How much do you think the absence of C.J. Leslie hurts the Wolfpack on Wednesday? He used a team-best 27% of all possessions in 2010-11.

I think comparing tempo-free stats from last year's squad to this season is a dangerous proposition. True, Leslie did get involved with a lot of possessions last year, but that was often due to Leslie's insistence to take over at times when he probably shouldn't have. He thought much higher of his shooting abilities from the perimeter than did everyone else, but yet he continued to take poor shots at all times during games and the coaching staff did nothing to curtail it. True, he's a force down low and incredibly gifted athletically. He showed great promise as a shot blocker and low post defender at times. But too often than he should have, he felt obligated to take a game over and be the savior.

In the exhibition game against Flagler two weeks ago, he seemed much more integrated into the offense and less apt to heave up ill-advised shots (for the most part...finishing with zero three-point attempts was a big step in the right direction). That was encouraging to see.

As far as the impact of his absence, I'd say the team has fared well enough without him to have not felt it to a great degree. Not to say he should ride the pine the rest of the year, by any means, but the continued blossoming of Howell and the emergence of post players like DeShawn Painter has lessened the blow we might've felt otherwise. I think where we miss him most is as a disruptive force down low defensively...Painter and Howell aren't nearly the athletic shot blockers Leslie is.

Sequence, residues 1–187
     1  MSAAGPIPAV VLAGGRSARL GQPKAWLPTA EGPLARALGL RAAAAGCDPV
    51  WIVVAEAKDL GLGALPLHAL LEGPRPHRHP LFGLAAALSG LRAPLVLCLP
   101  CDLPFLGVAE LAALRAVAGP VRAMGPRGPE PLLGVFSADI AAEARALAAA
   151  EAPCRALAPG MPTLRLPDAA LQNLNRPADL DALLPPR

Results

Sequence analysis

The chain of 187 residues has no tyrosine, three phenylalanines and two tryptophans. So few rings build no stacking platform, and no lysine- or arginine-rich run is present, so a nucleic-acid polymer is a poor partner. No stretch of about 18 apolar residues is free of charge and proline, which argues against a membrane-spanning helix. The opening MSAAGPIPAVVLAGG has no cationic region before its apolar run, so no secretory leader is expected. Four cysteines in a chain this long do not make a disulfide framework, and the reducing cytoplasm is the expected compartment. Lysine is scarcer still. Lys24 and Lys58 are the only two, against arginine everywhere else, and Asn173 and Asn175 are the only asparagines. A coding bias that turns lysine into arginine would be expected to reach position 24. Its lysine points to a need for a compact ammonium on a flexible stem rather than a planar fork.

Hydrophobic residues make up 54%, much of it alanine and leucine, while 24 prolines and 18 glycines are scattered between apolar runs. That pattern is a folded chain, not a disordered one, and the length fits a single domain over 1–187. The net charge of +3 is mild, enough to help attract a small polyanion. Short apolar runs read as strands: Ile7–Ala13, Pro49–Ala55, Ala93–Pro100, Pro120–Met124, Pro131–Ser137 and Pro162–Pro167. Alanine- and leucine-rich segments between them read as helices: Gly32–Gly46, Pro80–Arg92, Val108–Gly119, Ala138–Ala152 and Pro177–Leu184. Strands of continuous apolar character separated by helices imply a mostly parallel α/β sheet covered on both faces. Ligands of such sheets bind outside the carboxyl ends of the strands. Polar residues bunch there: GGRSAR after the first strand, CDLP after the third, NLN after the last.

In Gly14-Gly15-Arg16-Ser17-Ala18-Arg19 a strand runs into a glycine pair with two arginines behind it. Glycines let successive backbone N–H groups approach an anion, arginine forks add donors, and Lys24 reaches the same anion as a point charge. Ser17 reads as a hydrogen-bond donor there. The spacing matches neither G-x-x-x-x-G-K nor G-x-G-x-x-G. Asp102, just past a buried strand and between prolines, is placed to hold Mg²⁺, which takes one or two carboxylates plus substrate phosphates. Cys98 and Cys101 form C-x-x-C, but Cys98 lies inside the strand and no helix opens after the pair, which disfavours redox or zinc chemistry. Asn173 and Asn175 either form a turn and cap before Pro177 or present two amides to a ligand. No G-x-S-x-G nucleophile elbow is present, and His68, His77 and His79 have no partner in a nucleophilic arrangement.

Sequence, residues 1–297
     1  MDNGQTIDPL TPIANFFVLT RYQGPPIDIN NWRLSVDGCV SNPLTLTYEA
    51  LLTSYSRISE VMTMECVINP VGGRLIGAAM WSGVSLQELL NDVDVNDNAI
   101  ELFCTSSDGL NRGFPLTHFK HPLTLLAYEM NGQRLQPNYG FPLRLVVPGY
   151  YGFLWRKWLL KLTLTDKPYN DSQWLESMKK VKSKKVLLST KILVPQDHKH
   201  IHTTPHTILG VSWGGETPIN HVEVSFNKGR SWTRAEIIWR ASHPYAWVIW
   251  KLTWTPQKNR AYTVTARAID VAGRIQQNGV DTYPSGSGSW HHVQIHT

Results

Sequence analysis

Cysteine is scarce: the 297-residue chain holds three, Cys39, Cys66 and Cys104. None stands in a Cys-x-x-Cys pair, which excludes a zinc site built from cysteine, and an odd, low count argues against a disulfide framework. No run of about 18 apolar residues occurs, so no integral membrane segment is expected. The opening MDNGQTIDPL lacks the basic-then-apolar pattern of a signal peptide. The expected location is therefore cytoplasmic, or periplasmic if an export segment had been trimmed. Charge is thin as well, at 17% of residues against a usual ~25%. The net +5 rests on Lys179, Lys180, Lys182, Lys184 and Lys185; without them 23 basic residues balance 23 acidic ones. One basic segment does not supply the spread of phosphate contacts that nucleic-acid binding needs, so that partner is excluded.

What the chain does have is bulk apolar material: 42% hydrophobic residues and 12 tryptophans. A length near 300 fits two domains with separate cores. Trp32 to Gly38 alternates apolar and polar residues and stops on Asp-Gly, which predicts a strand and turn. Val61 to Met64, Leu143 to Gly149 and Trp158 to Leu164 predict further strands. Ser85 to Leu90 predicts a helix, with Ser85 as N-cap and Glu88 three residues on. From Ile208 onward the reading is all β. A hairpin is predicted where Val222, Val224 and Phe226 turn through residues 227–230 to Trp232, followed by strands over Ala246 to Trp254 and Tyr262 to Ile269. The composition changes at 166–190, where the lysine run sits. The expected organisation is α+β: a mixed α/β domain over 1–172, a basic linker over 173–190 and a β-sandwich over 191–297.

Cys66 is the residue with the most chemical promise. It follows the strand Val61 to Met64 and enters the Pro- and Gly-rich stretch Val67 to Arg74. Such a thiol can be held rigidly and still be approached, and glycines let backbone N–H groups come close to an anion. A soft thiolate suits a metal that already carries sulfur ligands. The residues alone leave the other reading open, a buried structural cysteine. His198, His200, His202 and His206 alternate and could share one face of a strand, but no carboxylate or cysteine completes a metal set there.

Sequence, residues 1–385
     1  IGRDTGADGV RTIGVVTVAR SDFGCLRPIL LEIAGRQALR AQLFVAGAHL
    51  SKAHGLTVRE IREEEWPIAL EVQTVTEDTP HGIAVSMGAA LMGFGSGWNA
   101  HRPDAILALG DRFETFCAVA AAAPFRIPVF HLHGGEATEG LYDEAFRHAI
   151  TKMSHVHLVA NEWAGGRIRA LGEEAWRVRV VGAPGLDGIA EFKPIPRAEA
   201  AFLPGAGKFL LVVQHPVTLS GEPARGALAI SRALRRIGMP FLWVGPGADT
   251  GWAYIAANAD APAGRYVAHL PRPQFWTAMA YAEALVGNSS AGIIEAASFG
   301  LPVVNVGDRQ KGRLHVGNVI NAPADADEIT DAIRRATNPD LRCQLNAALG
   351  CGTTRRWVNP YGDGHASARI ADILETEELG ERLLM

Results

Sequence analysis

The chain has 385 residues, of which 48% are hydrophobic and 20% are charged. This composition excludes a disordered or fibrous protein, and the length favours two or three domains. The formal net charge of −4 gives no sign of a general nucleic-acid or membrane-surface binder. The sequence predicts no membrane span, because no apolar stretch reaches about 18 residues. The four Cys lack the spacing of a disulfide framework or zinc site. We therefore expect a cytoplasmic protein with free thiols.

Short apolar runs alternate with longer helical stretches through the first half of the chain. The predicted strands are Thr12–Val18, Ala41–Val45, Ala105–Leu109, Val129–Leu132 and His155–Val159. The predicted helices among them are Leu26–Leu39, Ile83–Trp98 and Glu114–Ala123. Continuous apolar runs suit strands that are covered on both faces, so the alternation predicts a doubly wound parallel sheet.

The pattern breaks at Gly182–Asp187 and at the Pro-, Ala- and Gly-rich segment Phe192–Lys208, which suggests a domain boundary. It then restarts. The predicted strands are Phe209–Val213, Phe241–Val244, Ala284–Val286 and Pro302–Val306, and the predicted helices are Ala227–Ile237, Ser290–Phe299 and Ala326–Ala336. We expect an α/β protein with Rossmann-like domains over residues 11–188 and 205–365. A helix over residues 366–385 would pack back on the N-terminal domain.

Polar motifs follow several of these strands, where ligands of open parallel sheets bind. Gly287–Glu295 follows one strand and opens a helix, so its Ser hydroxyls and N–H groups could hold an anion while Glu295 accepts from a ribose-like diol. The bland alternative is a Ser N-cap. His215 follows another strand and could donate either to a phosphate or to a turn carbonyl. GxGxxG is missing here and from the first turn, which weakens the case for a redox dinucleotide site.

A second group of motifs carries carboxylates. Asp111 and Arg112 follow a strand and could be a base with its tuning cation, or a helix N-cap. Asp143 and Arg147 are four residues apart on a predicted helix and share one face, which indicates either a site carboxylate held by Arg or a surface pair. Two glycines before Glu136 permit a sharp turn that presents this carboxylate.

Has the team's +12.5 rebounding advantage been more about NC State or more about who they have been playing?

Probably a mixture of both. As I mentioned earlier, you can tell the rebounding effort has greatly improved over a year ago without needing to look at a stat sheet. Guys are actively attacking the glass on both ends of the court through two games, whereas rebounding was barely given a token effort in years past. In two games, State's snagged 29 offensive rebounds versus 33 offensive boards through the first three games last year. It's clear attacking the glass on both ends has been a focal point of this new coaching staff, and it's paid dividends already. That said, the Pack's faced two teams they are bigger, stronger and more athletically gifted than, so these are numbers you'd expect to see. We'll see if the rebounding improvements hold once State starts facing stronger competition.

Princeton has won the last five times they've played NC State, going back to the mid-1960s. Any memories from one or more of these games stand out?